Badger, Scratching his tummy, small


10 x 10 x 14cm

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( Ceramic Badger, Scratching his tummy, small – BADG-C-003 )

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SKU: BADG-C-003 Category: Tags: , ,


Badger, Scratching his tummy, small



Badgers are short-legged omnivores in the family Mustelidae, which also includes the otters, polecats, weasels, they are nocturnal and elusive, but remain one of the UK’s favourite mammals. Like humans, they are omnivorous, although unlike us, they eat several hundred earthworms every night. But when worms are difficult or almost impossible to find, for example in dry conditions, during hard frosts, or in barren areas where they are relatively scarce, badgers will try almost anything edible, including snails and slugs. Badgers enjoy cultivated soft fruit like raspberries and strawberries and, out in the fields, will eat fallen blackberries and any they can reach on the bushes. There are anecdotal accounts of badgers tottering as though drunk after over-feeding on fallen plums, and they certainly feast well in orchards on fallen apples, pears and plums. Oddly, some badger watchers tell of badgers that reject a particular type of fruit put out for them, apples, for example. By contrast, others tell of badgers tucking into pieces of apple with obvious enjoyment, occasionally trotting off, head held curiously high, with a large piece they clearly want to keep for themselves.

Badgers are social creatures and live together in large underground setts, comprised of a series of interlocking tunnels with nest chambers, toilets and several entrances. They inherit these setts from their parents, while always expanding and refining them. The resulting huge tunnel systems are, in some cases, centuries old.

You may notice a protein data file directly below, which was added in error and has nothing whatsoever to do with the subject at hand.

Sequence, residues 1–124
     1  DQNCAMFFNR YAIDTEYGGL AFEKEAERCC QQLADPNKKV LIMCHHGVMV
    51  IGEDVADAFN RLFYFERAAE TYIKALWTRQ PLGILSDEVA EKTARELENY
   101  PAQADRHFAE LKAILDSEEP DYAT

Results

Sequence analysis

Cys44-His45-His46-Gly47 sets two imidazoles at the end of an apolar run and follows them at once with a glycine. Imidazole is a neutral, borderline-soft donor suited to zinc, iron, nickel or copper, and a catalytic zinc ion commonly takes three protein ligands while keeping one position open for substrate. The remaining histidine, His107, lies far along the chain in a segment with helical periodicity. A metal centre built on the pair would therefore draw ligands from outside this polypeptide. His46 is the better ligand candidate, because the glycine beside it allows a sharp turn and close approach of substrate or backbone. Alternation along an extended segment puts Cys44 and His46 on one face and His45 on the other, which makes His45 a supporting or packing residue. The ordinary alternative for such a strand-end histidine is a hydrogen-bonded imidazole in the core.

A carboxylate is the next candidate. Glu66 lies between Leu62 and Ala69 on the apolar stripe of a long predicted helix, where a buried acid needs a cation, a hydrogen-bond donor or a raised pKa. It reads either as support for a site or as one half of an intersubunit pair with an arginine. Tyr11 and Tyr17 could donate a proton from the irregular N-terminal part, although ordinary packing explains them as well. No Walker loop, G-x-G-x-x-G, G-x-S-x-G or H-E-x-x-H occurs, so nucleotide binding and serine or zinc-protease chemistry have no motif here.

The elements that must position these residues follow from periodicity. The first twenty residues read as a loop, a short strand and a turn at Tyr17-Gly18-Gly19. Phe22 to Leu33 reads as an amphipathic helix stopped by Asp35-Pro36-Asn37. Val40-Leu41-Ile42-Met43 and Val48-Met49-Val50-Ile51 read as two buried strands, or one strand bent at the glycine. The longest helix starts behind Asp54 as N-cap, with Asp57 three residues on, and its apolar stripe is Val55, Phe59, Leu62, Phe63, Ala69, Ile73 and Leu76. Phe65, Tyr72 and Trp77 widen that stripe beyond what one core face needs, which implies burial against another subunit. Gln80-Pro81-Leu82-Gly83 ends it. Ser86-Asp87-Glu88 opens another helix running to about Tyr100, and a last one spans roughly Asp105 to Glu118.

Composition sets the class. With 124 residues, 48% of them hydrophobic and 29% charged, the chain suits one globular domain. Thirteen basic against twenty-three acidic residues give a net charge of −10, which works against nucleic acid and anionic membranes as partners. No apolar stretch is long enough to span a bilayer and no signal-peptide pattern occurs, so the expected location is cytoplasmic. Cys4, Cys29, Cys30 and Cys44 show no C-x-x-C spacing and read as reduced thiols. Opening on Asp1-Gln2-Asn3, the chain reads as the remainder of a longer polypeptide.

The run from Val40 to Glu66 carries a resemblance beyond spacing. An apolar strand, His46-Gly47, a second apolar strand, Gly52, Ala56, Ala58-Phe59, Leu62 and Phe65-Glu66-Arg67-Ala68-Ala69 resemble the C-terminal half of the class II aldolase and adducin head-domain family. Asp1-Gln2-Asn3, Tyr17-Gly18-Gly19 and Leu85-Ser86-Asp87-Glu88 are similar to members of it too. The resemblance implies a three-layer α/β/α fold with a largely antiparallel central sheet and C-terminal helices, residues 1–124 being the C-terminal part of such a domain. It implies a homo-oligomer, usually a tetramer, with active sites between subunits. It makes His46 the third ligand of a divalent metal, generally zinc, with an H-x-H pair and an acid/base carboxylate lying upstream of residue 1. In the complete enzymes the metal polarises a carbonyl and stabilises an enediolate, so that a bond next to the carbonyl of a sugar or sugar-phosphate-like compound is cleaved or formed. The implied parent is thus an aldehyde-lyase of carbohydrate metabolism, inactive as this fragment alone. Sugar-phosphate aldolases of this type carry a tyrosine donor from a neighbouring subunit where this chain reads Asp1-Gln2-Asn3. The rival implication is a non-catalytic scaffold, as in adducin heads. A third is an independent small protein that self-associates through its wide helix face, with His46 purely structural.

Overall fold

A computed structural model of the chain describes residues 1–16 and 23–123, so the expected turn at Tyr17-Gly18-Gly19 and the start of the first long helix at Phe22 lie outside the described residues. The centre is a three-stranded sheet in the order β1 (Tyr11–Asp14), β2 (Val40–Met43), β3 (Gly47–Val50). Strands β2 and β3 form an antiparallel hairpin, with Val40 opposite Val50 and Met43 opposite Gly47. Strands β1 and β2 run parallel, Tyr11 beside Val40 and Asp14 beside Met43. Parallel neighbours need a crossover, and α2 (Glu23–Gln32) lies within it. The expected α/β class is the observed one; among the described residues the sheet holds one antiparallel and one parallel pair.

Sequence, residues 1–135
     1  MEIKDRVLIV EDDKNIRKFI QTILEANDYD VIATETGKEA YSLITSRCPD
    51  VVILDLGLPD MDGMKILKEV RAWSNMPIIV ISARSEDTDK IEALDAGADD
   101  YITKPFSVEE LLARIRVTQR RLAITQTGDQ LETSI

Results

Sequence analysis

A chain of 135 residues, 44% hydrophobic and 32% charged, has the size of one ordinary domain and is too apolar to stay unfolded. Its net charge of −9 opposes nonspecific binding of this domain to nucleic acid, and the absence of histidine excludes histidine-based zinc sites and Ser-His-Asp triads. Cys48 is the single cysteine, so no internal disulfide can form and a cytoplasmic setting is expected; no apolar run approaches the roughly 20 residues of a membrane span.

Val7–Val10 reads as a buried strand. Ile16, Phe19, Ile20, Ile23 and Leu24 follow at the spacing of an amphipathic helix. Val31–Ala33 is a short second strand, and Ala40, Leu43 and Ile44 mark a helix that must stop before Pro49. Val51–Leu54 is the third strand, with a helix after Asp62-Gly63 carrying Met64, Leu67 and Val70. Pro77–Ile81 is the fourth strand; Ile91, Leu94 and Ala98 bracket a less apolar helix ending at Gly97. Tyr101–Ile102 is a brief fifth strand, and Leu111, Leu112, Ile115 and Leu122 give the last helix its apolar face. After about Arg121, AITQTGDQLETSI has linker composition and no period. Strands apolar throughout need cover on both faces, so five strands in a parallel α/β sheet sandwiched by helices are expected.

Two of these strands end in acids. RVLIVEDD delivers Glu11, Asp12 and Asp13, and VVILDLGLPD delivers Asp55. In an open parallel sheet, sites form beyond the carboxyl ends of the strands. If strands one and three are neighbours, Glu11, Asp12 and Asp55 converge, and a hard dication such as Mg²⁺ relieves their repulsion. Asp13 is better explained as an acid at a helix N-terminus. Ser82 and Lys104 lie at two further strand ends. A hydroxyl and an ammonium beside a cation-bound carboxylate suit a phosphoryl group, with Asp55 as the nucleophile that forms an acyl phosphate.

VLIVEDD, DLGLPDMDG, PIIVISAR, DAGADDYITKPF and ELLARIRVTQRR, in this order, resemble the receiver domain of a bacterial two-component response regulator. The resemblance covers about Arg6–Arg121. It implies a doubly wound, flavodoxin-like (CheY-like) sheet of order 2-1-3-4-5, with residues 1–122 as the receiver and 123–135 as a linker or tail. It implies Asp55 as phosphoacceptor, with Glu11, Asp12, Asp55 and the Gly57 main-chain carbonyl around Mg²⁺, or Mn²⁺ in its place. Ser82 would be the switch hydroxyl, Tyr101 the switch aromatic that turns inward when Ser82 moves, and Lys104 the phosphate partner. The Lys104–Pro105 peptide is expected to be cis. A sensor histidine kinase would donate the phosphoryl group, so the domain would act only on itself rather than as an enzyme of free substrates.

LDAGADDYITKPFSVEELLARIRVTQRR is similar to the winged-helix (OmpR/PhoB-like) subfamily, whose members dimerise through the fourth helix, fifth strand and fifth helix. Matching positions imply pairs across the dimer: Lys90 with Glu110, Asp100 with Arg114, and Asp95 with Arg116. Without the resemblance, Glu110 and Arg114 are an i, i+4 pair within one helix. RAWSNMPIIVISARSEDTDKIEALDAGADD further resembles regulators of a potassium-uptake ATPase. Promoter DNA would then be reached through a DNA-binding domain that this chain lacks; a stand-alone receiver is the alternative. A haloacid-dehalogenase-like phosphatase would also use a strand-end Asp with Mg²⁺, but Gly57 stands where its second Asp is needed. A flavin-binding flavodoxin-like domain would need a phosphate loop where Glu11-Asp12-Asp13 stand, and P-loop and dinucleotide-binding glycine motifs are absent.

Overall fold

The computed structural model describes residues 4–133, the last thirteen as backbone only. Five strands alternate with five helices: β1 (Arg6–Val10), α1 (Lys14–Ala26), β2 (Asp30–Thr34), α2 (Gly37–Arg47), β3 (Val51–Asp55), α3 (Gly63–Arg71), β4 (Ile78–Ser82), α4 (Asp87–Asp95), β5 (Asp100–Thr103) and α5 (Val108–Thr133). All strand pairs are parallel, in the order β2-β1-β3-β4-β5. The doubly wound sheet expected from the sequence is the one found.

Badgers spend a lot of time collecting bedding to line and provide warmth to underground chambers for themselves and their cubs. Grasses, hay and straw, fallen leaves, green leaves, bracken are just some of the natural materials they gather up and pull backwards into their setts, sometimes from more than 100 metres or more away.
Badgers mate at almost any time of the year, but thanks to an unusual reproductive technique, known as delayed implantation, they have only one litter a year. Litter size ranges from one to five cubs, with two or three the more common. In the Midlands and the south of England most cubs are born in early to mid February, and cubs from those litters emerge above ground for the first time in early to mid April. Further north the timing is likely to be a little later